The labor position you choose should be comfortable, and help you do your job with as much ease as possible. Try different positions to see what works for you.

By Susan Ashmore
October 03, 2005
Pregnant Woman in Labor at Birth Center
Credit: Science Photo Library/Ian Hooton/Getty Images

If your car stalled at the bottom of a hill, you certainly wouldn't try to push it uphill. So why does it make sense to fight gravity by lying down during labor? This is just one reason why the standard hospital labor position—semi- or fully reclining—is not ideal. For one thing, when you're lying on your back, your uterus compresses major blood vessels, potentially depriving the baby of oxygen and making you feel dizzy or queasy. "Most women feel better when they are not lying on their back during labor," says certified nurse-midwife Katy Dawley, Ph.D., C.N.M., director of the Institute of Midwifery at Philadelphia University in Pennsylvania.

In addition, when you're reclining, the baby's head puts pressure on pelvic nerves in your sacrum, increasing pain during contractions. Remaining upright and leaning forward reduces this pressure while allowing the baby's head to constantly bear down on your cervix. As a result, dilation tends to occur more quickly.

"Lying on your side, standing, sitting, walking, rocking—anything that keeps you active can help decrease pain and speed up labor," says Dawley. Just be aware that a prenatal visit is the time to discuss with your doctor or midwife the different positions you think you'd like to try. "In the throes of labor, you're not going to be able to advocate for yourself," she explains.

Upright positions also tend to offer:

  • Reduced need for medication
  • Help in dilating your cervix and widening your pelvic opening
  • Greater sense of self-confidence and self-control
  • Stronger, more efficient, and less painful contractions
  • Aid for the baby's descent through the birth canal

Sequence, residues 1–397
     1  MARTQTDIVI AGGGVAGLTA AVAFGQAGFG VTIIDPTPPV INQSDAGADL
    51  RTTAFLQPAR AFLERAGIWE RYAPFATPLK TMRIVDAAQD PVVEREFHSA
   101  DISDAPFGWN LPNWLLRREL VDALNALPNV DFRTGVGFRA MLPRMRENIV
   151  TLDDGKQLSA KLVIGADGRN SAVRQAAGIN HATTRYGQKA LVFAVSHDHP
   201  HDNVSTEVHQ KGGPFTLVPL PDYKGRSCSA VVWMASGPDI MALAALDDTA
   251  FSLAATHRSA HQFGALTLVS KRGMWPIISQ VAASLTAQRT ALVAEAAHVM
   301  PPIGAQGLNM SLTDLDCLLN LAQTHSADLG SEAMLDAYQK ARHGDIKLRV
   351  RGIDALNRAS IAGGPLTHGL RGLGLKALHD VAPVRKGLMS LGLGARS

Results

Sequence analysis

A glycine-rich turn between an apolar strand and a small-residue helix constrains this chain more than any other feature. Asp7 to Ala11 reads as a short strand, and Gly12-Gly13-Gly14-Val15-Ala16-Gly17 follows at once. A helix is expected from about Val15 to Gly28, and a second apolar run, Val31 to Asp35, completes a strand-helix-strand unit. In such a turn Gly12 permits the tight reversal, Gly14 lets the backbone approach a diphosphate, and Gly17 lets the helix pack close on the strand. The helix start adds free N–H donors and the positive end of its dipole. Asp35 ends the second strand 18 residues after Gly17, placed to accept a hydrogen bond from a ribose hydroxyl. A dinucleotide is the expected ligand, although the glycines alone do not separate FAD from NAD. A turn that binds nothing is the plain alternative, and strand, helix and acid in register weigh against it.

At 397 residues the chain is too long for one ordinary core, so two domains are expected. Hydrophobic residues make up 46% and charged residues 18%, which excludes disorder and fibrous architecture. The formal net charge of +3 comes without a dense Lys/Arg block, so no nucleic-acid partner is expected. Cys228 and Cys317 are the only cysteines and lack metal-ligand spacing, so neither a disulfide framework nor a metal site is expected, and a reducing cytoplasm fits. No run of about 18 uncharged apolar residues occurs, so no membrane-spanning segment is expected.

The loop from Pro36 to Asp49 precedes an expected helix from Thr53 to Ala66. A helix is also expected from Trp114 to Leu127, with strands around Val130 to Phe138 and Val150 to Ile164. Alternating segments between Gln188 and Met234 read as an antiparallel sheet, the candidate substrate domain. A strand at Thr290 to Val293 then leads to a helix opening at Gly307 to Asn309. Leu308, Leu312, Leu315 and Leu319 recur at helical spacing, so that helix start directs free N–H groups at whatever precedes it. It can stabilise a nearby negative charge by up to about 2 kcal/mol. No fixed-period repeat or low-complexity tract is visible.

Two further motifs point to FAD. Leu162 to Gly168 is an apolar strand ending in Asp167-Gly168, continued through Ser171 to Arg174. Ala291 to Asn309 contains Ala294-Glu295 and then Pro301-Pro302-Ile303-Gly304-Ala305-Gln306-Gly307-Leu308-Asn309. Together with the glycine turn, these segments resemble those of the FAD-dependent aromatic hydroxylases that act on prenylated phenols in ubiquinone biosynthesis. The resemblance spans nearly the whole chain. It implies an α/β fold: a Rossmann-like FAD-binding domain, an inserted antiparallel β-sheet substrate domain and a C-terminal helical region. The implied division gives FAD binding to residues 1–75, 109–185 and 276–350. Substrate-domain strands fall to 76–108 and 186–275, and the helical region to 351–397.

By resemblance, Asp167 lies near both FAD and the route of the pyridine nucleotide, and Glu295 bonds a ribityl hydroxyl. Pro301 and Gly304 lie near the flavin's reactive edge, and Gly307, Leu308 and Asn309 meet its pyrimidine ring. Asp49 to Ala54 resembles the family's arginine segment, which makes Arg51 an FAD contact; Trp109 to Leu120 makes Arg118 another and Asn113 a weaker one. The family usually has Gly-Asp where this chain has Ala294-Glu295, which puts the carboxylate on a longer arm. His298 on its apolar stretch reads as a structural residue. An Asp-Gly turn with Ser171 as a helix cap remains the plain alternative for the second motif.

• Help in bringing oxygen to the muscles in your uterus and to the baby
  • Reduced need for episiotomy or cesarean section
  • Less stress on the baby

The Best Labor Positions

There isn't just one best birthing position for you. In fact, it's a good idea to change position during your labor so you don't develop a cramp or strain your muscles. And don't forget to use pillows as support. Here are some effective birthing positions to consider.


The more upright you are, the more you let gravity aid you. During the first stage, simply walking around can help your labor progress, but take care not to become too tired.


Try sitting with one knee bent and the other relaxed. Don't lean too far back. When you sit, your uterus drops forward, improving the blood supply to the contracting muscles and easing pressure on your diaphragm. Use cushions or your partner for support.


If you want to remain upright, but no longer feel comfortable walking, try kneeling on a pillow. This can help if baby is pressing against your spine.

Lying on Your Side

A sideways position is good if you're tired or have had an epidural. It takes weight off the main blood supply to the baby and reduces tension on your perineum.


While the position may be less convenient for hospital personnel, squatting is especially effective when you're ready to push. In fact, squatting is sometimes called the "midwife's forceps" because of its ability to work with, not against, gravity, enlarge the pelvic opening and speed the pushing phase of labor. Many women find sitting on the toilet comfortable. Try squatting supported by another person, a beanbag, or a low stool.

On Hands and Knees

If upright positions are tiring, or the contractions are too fast or overwhelming, an all-fours position is useful. It gets gravity to work for you. It can slow down contractions, and is also good for easing back labor. which occurs when the baby is positioned with the back of his head pressing against the rear of your pelvis.

Lean Forward

This can help make uterine contractions more effective in bringing the baby down. Drape your chest over a table, bed, countertop, pillow or exercise ball.


Place one foot on a sturdy chair or footstool and lean into that foot during contractions.


Sit on an exercise ball, the edge of the bed or a chair and gently rock back and forth.


Put your arms around your partner's neck and sway back and forth; pretend you're slow dancing.

How to Practice for Labor

You'll need to listen to your body as your labor progresses. As you change positions, your baby will find the best way to fit through the birth canal.

If you practice squatting during pregnancy, it will be easier during labor. If you try squatting down right now, you can probably feel where your upper leg bones, the femora, are attached to your pelvic bones. When you squat, the leg bones act like levers to widen your pelvic outlet by 20 to 30 percent. In the privacy of your own home, assume each one of the other positions. Which position seems to be most comfortable? Next time you watch TV, try squatting and see how long you can last!

American Baby